Review: Rio Rita (1929)

>> Sunday, December 7, 2008

USA/B&W&C-103m. (Originally released at 135m.)/Dir: Luther Reed/Wr: Luther Reed (based on the play by Guy Bolton and Fred Thompson)/Cast: Bebe Daniels (Rita Ferguson), John Boles (Captain Jim Stewart), Bert Wheeler (Chick Bean), Robert Woolsey (Ed Lovett), Dorothy Lee (Dolly Bean), Don Alvarado (Roberto Ferguson), Georges Renavent (General Ravenoff)

The early talkie Rio Rita (1929) has often been sited as historically important for a number of reasons--1) This filming of the popular Flo Ziegfeld stage production was a forerunner of numerous stage-to-screen musicals--2) The last half hour of the film displayed an early use of two-strip Technicolor--and 3) The movie was the first to team popular comedians Bert Wheeler and Robert Woolsey, who would be second only to Laurel and Hardy in popularity during the 1930’s. However, prior critics have overlooked one other historically significant aspect of Rio Rita--4) The picture featured an early (if not the first) filmed demonstration of a stock device of screen comedy--a drink of near-deadly potency.

The plot involves the attempts of a Captain of the Texas Rangers (John Boles) to capture a bandit known as the Kinkajou and to woo a pretty Mexican lass (Bebe Daniels). Things get a bit dicey when the Captain begins to suspect the girl’s brother (Don Alvarado) might be the bandit. At the same time a bootlegger (Bert Wheeler) visits Mexico with his lawyer (Robert Woolsey) in order to get a quickie divorce and remarried. Of course, none of this matters very much. It’s all just an excuse for a lot of singing and dancing.

For a prohibition-era picture, an awful lot of alcohol is consumed in Rio Rita. Setting the story in Mexico allowed the characters to imbibe without fear of reprisals from the authorities. Still, the film is not really a Booze Movie through and through. Rio Rita gains its soused cinema status on the virtues of one particular scene, in which Wheeler and Woolsey get gloriously stinko on cognac, brandy, and old Aztec wine. The final beverage on the menu is a precursor of all of the supercharged cocktails that would follow, such as the Alaskan Polar Bear Heater (The Nutty Professor), Nasty Canasta’s Usual (Drip Along Daffy), and the Pan-Galatic Gargle Blaster (The Hitch Hikers Guide to the Galaxy). The old Aztec wine is so powerful that when Bert Wheeler pours it into a glass, the glass smokes and dissolves into nothing. Consequently, Bert is forced to slug the stuff directly from the bottle. The effect of the fluid is immediate. Wheeler barks like a dog and proceeds to converse in high-pitched baby talk. “Now that’s what I call whisky!” Woolsey observes, but he is reluctant to join his pal in ingesting the extreme elixir. However, when Bert begins seeing visions of a beautiful, disrobing blonde, Woolsey eagerly takes a swig. “Why, I know the girl!” Woolsey expounds soon after.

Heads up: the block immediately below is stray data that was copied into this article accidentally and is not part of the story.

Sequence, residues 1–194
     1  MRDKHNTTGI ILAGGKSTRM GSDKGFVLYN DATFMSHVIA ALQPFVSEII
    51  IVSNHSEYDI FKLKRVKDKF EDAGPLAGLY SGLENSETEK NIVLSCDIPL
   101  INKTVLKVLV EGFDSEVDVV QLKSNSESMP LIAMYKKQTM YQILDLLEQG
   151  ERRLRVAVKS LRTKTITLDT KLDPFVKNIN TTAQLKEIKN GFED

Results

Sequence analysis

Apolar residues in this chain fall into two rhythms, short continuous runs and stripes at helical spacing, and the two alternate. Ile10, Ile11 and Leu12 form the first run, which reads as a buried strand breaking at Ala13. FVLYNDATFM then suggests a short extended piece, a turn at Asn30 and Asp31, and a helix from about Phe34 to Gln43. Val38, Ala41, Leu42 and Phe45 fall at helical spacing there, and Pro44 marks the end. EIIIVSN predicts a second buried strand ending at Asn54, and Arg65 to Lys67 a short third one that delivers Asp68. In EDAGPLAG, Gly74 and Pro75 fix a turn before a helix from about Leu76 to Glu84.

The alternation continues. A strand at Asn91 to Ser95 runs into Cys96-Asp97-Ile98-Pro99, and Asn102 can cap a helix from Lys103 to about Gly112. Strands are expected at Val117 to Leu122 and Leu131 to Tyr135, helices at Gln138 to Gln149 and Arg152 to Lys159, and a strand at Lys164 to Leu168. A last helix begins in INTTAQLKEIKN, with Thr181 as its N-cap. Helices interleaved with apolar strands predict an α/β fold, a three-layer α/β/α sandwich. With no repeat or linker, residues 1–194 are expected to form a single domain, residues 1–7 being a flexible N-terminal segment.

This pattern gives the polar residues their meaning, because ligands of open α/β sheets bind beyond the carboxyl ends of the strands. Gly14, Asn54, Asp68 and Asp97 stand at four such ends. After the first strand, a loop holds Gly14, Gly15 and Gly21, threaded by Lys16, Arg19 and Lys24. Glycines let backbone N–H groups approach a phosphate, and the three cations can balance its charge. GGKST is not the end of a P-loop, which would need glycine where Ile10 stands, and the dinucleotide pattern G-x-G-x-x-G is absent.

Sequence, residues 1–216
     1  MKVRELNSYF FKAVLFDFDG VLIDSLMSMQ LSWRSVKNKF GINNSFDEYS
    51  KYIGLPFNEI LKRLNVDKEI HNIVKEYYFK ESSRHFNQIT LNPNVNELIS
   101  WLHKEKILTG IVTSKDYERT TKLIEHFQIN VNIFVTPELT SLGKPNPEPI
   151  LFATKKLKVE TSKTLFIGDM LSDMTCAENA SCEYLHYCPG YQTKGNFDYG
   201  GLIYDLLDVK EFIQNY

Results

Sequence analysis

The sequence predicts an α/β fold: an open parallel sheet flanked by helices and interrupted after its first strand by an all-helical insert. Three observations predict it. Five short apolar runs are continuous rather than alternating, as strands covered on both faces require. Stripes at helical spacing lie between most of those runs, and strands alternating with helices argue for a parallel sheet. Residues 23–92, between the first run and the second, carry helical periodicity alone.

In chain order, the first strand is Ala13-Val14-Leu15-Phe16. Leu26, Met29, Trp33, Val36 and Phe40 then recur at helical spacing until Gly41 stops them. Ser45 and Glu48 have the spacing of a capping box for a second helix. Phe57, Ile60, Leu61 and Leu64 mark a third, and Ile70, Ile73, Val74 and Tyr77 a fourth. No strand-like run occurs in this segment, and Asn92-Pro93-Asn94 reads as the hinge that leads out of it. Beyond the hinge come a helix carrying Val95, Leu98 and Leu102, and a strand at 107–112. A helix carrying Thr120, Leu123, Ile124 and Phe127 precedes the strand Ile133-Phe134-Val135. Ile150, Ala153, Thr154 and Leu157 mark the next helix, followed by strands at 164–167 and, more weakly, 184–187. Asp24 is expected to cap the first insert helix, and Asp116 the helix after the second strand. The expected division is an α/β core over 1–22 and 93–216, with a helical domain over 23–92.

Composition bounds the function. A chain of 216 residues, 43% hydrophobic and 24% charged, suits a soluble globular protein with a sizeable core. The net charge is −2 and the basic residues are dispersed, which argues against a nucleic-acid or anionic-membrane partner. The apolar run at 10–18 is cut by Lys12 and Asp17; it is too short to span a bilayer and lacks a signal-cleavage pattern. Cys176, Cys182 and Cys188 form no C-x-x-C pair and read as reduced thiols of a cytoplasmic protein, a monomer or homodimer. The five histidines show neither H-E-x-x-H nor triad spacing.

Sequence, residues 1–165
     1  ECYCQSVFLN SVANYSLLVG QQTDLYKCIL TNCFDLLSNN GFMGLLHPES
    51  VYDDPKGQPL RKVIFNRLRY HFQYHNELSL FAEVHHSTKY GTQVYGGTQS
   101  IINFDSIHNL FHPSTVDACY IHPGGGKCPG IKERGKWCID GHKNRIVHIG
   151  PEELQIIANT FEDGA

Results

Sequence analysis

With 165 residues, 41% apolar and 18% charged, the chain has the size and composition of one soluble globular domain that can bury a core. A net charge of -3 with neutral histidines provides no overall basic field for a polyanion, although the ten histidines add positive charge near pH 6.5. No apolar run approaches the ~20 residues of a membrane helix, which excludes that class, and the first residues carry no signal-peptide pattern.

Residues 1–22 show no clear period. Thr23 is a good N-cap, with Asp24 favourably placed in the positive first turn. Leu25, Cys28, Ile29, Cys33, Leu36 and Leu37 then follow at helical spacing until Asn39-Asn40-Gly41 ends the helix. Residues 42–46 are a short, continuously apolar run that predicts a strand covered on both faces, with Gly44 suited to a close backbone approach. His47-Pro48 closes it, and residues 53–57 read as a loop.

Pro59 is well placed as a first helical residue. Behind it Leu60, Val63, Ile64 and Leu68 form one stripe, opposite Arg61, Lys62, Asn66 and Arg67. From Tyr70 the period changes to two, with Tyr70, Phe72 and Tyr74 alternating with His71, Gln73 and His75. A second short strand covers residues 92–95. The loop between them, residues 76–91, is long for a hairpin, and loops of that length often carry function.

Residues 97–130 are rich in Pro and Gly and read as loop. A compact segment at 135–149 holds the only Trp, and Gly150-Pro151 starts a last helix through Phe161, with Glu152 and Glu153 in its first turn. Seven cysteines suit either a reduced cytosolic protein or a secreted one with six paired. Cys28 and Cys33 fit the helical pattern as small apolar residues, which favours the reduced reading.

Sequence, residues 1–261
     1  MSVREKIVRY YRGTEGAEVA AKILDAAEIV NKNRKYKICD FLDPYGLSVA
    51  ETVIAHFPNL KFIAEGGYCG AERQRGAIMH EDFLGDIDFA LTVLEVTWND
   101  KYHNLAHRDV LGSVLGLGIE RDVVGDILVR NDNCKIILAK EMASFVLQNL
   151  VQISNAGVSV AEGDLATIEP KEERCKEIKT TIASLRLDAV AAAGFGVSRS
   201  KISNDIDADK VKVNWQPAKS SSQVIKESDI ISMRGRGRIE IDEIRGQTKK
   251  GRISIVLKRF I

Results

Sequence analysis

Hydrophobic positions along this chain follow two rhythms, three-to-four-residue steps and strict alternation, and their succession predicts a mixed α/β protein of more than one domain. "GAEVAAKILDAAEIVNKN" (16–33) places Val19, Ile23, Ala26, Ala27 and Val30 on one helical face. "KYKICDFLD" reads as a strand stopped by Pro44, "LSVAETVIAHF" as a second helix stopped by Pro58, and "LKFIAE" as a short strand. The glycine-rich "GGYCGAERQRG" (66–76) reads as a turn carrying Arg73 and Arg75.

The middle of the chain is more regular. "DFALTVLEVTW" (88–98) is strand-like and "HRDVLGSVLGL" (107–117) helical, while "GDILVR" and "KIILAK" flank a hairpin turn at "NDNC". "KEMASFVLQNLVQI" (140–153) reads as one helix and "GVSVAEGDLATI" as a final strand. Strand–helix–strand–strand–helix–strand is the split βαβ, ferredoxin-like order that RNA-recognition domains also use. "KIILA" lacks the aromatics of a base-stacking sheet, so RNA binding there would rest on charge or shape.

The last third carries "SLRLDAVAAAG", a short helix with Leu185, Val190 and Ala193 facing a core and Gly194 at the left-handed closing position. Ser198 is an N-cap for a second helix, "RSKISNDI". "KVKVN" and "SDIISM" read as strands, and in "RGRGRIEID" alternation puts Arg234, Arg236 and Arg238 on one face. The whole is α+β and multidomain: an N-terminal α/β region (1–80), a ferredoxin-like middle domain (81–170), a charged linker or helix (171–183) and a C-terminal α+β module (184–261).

Wheeler and Woolsey’s antics are a secondary subplot in Rio Rita, but their superbly timed comic and musical performances steal the picture from romantic leads Bebe Daniels and John Boles. The only other cast member who really makes an impression is diminutive cutie, Dorothy Lee, who plays Bert Wheeler’s love interest. Short, spunky, and pretty, with a baby doll voice, Dottie was like Betty Boop brought to life. It is no wonder Bert and Bob brought her back to co-star in twelve more of their features.

On the whole, Rio Rita shows its age. The story is melodramatic, the acting is amateurish, the filming is primitive, and the editing and continuity is choppy. Of course, the latter may be due to the fact that the film was released at 135 minutes, but the existing print only runs 103 minutes. Luckily, the old Aztec wine sequence survives intact.

Drinks Consumed--Beer, cognac, brandy, old Aztec wine (possibly whiskey), regular wine, and champagne

Intoxicating Effects--Slurred speech, hiccups, harmonizing, brawling, and hallucinating

Potent Quotables--WAITER: Ah, but when you want some more brandy, just let me know.
CHICK: No. This is a little weak for us.
WAITER: Oh, I’ll take it away.
ED: Leave it. Leave it. We’ll use it as a chaser.
WAITER: If you want something really strong, try this.
ED: Whatta ya got?
WAITER: This is a bottle of old Aztec wine.
ED: Yeah? What’s it like?
WAITER: Oh, I don’t know. I don’t dare drink it myself, so I cannot tell.

Video Availability--Rio Rita is available as a manufacture-on-demand DVD-R through The Warner Archive.

Similarly Sauced Cinema--Bert and Bob served spiked lemon soda in Caught Plastered (1931).

Wheeler & Woolsey: The Vaudeville Comic Duo and Their Films, 1929-1937 (McFarland Classics)


Anonymous December 28, 2009 at 4:35 PM  

Happily, Warner Archive released this on DVD in December, 2009, with Technicolor sequences during the last third or so. Unhappily, it's a very rough print: scratches, pops at reel changes, and painfully distorted sound at times. It's also the 1932 chop-job rerelease, so musical numbers are missing (no Dorothy Lee singing "The Kinkajou," no pirate girls, choppy continuity overall). But the score is lovely, Bebe Daniels is ravishing, John Boles takes an appealingly lighthearted approach to his role, and Wheeler & Woolsey are hilarious. I do not think the acting is amateurish, rather it is of a particular stage musical comedy style which, were it not for movies like this, would be completely lost. I found both leads quite charming, and I hope I get to see the full-length version of Rio Rita some day. And maybe Warner Archive will release MORE Wheeler and Woolsey!--Mark

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